This year marks the 25th death anniversary of the nation’s beloved singer, Sudirman Arshad. Dennis Chua looks back on the artiste’s many achievements
ON Feb 22, 1992, sadness descended on the country as Malaysians mourned the untimely death of the nation’s top entertainer, Datuk Sudirman Arshad, who succumbed to illness at age 38.
A phenomenal entertainer who stamped Malaysian music on the world map, Sudirman rocketed to fame after winning talent search show, Bintang RTM, in 1976. His illustrious musical career lasted 16 years, during which he also became a composer, lyricist, actor, writer, cartoonist and entrepreneur.
Born on May 25, 1954 in Temerloh, Pahang, the youngest of seven children of Arshad Hassan and Ramlah Dahlan, Sudirman’s passion for singing began during his pre-teen years when he sang for his siblings and neighbours. He then read law and received his degree from the University of Malaya.
On April 14, 1986, the “singing lawyer” held an open-air concert in Chow Kit Road; the street concert drew a record 100,000-strong crowd.
The peak of his popularity came in 1989 when he won Best Performer at the Asia Music Awards 1989 held at London’s Royal Albert Hall. His former manager Daniel Dharanee Kannan recalled: “He was the clear winner from the start, and even regional musical giants such as Anita Sarawak and the late Leslie Cheung were no match for him and his beautiful anthem of One Thousand Million Smiles.”
Daniel revealed that in that concert, Sudirman met future American Idol judge Simon Cowell, who told him that he was a fantastic singer, “the whole package”. “Simon was a good friend of one of the awards judges, singer Sinitta. She, too, told me that Sudirman was a winner from the start,” said Daniel.
One of the late legend’s favourite entertainers was Freddie Mercury of Queen. They almost met in Auckland, New Zealand in 1984 when he was entertaining guests at a Tourism Malaysia event. “Sudirman was invited to meet Mercury backstage at his band’s concert in the same city. Unfortunately, the meeting didn’t materialise as Mercury was taken ill.”
Sudirman, Daniel said, planned to create a platform for Malaysian talents to go global, and he wanted to see world-class Malaysian superstars outshine him. “He often told me that while Malaysia has made it to Royal Albert Hall, we must grow our talents and make it to Carnegie Hall, New York!”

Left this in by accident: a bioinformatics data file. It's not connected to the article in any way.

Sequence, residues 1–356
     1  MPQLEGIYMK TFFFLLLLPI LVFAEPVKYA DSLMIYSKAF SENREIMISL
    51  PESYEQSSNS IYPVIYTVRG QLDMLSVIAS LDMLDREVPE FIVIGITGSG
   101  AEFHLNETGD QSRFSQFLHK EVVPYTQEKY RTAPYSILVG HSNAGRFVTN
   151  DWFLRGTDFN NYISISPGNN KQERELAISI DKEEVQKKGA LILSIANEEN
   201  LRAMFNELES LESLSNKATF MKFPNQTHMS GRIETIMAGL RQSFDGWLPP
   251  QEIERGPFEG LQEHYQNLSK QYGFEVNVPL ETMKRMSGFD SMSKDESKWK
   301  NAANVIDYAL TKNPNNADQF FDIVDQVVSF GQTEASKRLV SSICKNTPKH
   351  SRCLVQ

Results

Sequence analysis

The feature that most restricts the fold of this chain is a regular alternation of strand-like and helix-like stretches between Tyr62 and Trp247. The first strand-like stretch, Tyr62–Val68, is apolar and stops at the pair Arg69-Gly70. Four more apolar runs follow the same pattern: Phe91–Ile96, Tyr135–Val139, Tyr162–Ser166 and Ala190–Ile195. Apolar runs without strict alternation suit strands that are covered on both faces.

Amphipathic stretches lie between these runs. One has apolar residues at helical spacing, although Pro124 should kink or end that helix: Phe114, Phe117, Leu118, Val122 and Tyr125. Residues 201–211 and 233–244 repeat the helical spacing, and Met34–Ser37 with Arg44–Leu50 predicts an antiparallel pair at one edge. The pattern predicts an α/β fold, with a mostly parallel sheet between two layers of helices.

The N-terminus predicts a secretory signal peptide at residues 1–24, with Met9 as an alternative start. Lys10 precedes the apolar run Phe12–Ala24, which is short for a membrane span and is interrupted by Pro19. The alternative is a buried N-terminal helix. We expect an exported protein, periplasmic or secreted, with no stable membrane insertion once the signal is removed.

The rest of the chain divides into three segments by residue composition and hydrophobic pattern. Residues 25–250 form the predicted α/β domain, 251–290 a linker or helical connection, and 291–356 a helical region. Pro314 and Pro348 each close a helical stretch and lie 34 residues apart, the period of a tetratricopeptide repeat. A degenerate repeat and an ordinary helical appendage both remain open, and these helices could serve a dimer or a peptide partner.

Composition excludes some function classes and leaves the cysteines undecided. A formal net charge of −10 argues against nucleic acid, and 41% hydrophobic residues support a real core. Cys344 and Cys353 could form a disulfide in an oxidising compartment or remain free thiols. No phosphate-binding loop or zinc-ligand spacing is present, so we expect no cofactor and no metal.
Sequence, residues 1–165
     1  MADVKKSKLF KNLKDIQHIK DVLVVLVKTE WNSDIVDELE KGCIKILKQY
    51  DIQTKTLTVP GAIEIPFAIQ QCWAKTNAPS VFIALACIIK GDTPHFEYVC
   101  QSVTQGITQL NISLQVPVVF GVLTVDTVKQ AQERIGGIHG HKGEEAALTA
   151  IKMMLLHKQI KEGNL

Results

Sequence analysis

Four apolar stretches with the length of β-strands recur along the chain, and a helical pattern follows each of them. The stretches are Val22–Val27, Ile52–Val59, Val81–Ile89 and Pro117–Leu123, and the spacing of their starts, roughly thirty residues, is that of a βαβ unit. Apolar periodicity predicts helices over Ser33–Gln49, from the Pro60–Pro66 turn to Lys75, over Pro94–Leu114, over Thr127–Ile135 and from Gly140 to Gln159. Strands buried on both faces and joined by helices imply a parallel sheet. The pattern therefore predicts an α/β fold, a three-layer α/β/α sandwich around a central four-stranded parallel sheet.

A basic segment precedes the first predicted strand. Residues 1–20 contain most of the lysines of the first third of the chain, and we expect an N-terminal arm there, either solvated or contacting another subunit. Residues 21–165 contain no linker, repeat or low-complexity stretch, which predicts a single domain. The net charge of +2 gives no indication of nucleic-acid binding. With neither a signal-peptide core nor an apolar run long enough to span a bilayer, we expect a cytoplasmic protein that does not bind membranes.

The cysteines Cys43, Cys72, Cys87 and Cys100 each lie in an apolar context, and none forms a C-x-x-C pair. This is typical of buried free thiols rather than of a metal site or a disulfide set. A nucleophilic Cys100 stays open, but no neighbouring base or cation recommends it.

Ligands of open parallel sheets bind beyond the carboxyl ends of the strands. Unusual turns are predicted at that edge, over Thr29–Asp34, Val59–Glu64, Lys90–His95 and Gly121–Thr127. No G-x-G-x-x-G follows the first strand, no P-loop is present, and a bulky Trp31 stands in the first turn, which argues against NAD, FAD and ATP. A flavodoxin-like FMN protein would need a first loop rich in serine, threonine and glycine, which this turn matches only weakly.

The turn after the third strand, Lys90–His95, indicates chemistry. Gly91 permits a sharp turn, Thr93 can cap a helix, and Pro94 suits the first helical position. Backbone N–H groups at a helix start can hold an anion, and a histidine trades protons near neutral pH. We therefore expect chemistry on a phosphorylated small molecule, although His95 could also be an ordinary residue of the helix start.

Sudirman’s nephew, Razman Azrai Zainuddin, or Atai, 44, said the singing legend taught him many of life’s important lessons — to work hard to achieve one’s dreams, to be focused in life, and also, passionate about one’s craft.
“He was learning new things every day, and while I wasn’t into entertainment at first, he insisted that I join him, because entertaining others would be character-building,” said Atai, who learnt the ups and downs of showbusiness from Sudirman.
While he is happy that Malaysia has honoured his uncle by playing his songs on television and radio, Atai feels there is a “lot more to be done” to keep Sudirman’s legacy alive.
“His vision was to see a united, colour-blind Malaysia and he aimed to make Malaysian music world-class. The music industry owes him a lot, and if we pay heed to what he said, we’ll have world-class entertainers.”
As a writer, Sudirman penned a children’s book titled Taming Si Budak Pintar. He also starred in a film called Kami which was released in 1982. It was about two orphans who find each other amidst KL street life. This film spawned a hit song, Pelangi Petang.
As a businessman, Sudirman was Malaysia’s first successful singer-entrepreneur to launch his own carbonated drink, Sudi.
After his death, he was posthumously awarded an Anugerah Industri Muzik award, and a street in his hometown was named after him, Jalan Sudirman.
In 2014, Malaysia’s 57th National Day’s theme Di Sini Lahirnya Sebuah Cinta paid tribute to his song Warisan. The theme refers to the first line of Warisan, and the song is played throughout August and September on TV and radio.
Sudirman, who has 14 albums to his credit, was awarded a posthumous Datukship from Sultan Ahmad Shah of Pahang in 2009. He received the Darjah Indera Mahkota Pahang.
In 2013, Istana Budaya Kuala Lumpur staged a musical tribute to Sudirman titled Chow Kit Road! Chow Kit Road! after his hit song. It was loosely based on My Fair Lady and starred Anding Zaini and Adibah Noor. The same year also saw Hoore! Hoore! Malaysia’s first musical movie about accepting oneself, directed by Saw Teong Hin. It starred Akim Ahmad, Kilafairy and Adibah Noor.
Last year, seven singers performed some of Sudirman’s greatest hits in One Thousand Million Smiles, a tribute concert at the Kuala Lumpur Performing Arts Centre, Sentul Park, Jalan Ipoh, Kuala Lumpur. The performers included Atai, Dasha Logan and Tria Aziz.
The concert also saw the launch of the Sudirman Scholarship Fund created by KLPaC for performing arts practitioners.